With the Pacific, Spine of the Continent, and Atlantic MegaLinkages running south-north, they not only follow the natural lay of the land, but allow for species movement north in response to climate change.
Although the tundra and the boreal forest are the wildest and most intact part of the North American Wildlands Network, they may not be so for much longer. The planned destruction and domestication of Canada’s boreal forest by vast and widespread timber mining (it isn’t forestry) and oil, gas, and oil sand extraction is one of the most important conservation issues in the world. Boreal forests are particularly vulnerable to industrialization because they have very low productivity and take a long time to grow to maturity. The Arctic tundra of the Northwest Territories and Nunavut are wide-open for a diamond mining frenzy. As we conservationists work on rewilding other parts of North America, we must work very hard to keep Canada’s north wild. The same is true for Alaska.
The MegaLinkage map is based on a variety of proposals and research by conservation groups, conservation biologists, and government agencies. Nonetheless, it is rough. The Rewilding Institute plans to hold meetings for each MegaLinkage to map them in greater detail and to develop strategies to advance protection and restoration of the MegaLinkages. Check this website for updates.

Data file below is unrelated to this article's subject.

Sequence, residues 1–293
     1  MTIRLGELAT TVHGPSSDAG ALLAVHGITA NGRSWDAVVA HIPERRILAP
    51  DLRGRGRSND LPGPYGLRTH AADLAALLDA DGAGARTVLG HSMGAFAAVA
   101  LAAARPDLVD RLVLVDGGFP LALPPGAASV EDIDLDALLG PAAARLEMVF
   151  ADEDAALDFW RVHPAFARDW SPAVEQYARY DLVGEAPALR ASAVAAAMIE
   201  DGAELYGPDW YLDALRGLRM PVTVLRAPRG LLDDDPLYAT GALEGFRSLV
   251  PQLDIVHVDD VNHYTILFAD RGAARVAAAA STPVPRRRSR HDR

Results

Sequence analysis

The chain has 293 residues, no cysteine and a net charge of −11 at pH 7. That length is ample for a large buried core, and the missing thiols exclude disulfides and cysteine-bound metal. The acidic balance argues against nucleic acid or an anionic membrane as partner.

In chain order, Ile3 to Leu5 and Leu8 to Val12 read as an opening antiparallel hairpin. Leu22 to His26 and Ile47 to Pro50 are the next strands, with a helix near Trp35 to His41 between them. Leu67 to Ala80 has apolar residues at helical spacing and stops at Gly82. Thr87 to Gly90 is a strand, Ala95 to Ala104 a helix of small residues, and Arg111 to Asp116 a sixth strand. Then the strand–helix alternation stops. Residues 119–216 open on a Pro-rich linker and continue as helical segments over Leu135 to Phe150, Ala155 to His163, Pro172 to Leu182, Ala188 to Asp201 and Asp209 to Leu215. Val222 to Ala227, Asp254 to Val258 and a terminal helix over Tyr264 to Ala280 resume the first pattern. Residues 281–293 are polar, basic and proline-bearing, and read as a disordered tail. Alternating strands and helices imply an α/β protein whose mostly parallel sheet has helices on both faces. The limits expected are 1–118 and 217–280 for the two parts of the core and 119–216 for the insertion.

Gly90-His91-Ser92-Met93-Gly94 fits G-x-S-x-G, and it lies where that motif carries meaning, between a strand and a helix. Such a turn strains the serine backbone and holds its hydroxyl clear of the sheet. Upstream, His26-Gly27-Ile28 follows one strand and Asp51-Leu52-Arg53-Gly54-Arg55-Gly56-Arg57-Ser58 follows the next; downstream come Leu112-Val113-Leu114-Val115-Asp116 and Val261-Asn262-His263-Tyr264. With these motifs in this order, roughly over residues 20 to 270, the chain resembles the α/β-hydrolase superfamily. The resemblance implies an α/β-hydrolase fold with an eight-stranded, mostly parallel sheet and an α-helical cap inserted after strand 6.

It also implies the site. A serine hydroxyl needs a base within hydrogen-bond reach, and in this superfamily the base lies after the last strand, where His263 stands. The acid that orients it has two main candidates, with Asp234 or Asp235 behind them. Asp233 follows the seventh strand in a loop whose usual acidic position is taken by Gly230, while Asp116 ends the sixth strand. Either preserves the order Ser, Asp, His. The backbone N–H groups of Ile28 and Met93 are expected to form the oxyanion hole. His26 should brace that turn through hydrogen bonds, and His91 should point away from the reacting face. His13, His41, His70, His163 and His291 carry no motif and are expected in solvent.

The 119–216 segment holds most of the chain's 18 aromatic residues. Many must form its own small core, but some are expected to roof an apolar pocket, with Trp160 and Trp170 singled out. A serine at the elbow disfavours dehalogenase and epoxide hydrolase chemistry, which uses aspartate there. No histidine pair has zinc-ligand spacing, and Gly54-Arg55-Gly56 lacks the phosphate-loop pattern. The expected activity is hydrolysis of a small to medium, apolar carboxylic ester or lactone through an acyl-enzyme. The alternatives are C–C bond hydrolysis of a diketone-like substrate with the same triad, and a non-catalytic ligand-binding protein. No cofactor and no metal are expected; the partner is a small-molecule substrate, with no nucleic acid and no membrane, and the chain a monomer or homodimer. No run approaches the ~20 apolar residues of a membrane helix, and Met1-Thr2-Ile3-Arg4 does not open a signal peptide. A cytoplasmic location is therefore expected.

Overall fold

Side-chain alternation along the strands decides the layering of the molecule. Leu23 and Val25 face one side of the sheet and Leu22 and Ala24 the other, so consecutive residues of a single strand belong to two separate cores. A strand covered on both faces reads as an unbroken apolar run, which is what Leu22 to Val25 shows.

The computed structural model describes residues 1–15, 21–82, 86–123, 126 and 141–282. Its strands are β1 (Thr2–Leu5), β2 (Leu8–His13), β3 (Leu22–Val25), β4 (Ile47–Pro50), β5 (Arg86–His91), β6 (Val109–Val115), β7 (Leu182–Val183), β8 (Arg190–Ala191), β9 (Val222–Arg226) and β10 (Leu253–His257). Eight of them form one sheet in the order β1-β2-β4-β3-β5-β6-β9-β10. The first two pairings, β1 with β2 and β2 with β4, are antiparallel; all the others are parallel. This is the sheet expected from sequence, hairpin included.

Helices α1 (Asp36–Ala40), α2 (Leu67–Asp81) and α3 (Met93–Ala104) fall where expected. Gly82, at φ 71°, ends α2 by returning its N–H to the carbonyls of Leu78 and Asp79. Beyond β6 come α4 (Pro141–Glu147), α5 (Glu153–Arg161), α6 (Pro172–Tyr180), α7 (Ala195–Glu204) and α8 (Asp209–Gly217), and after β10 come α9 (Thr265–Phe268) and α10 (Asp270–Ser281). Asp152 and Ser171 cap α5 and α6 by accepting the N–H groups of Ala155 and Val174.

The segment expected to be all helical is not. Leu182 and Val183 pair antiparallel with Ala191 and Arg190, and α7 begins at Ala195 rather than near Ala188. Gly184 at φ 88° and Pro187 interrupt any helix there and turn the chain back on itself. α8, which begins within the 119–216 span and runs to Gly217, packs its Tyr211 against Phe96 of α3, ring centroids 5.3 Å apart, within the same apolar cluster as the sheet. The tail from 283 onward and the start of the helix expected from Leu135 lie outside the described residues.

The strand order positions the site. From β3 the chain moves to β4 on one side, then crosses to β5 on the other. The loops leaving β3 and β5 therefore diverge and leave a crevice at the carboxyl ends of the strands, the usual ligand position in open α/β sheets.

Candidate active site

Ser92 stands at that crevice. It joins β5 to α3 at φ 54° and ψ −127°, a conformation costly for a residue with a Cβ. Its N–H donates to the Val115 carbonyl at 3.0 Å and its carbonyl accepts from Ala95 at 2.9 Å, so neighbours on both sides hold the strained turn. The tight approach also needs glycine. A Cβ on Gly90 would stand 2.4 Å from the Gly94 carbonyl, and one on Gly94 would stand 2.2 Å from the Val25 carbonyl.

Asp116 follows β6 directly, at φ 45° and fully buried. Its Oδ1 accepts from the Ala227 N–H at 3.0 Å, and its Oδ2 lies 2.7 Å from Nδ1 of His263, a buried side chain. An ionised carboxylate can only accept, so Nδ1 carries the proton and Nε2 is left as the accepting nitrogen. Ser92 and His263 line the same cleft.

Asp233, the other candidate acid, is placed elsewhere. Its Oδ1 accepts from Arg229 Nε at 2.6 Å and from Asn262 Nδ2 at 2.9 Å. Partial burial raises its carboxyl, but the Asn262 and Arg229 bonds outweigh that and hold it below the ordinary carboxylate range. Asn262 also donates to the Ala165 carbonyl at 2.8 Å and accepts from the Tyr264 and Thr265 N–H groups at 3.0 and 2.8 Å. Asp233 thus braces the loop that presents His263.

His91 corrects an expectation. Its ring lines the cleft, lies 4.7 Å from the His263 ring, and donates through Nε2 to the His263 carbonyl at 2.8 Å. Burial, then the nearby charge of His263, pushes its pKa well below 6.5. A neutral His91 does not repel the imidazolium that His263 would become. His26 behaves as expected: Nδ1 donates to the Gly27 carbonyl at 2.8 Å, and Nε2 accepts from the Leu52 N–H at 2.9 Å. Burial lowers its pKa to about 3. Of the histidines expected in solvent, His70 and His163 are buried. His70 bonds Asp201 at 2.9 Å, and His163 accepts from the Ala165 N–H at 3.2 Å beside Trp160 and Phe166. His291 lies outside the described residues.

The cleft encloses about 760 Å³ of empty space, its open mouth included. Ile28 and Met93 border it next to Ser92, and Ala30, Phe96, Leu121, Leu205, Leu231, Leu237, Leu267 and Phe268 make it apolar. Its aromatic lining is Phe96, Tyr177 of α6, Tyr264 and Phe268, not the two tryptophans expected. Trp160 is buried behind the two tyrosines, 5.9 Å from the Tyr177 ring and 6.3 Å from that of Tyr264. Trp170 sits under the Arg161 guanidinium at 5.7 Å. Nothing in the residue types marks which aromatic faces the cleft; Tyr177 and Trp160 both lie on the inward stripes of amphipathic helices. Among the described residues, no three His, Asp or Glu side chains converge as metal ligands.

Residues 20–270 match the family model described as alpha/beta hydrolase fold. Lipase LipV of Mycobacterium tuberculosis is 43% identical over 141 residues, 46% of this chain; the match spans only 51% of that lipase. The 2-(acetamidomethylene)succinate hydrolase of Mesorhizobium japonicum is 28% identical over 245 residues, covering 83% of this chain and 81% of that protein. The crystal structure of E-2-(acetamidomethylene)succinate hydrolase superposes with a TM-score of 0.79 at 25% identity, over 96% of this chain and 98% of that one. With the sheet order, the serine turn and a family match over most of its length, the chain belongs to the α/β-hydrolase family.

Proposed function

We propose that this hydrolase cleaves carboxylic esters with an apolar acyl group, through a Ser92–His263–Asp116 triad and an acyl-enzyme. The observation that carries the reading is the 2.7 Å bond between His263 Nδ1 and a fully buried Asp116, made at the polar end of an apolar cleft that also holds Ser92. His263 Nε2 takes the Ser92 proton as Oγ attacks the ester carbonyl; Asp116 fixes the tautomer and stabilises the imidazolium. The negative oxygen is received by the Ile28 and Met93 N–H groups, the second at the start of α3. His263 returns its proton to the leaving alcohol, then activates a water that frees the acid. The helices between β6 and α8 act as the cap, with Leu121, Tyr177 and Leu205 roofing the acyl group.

(Adapted and condensed from Rewilding North America by Dave Foreman [Chapter 8]. Copyright © 2004 by the author. Reproduced by permission of Island Press, Washington, D.C.)
Rewilding North America: A Vision for Conservation in the 21st Century by Dave Foreman (Island Press 2004). Order from The Rewilding Institute.
Continental Conservation: Scientific Foundations of Regional Reserve Networks edited by Michael E. Soulè and John Terborgh (Island Press 1999). Particularly Chapter 8 “Why We Need Mega-Reserves.”
Available in a book listed above:
John Terborgh and Michael Soulè, “Why We Need Mega-Reserves—and How to Design Them,” Chapter 8 in Continental Conservation.
Available as a PDF<<Click to View
Dave Foreman, “Unit Names of Large Core Complexes in the Pacific, Spine, and Appalachian MegaLinkages.”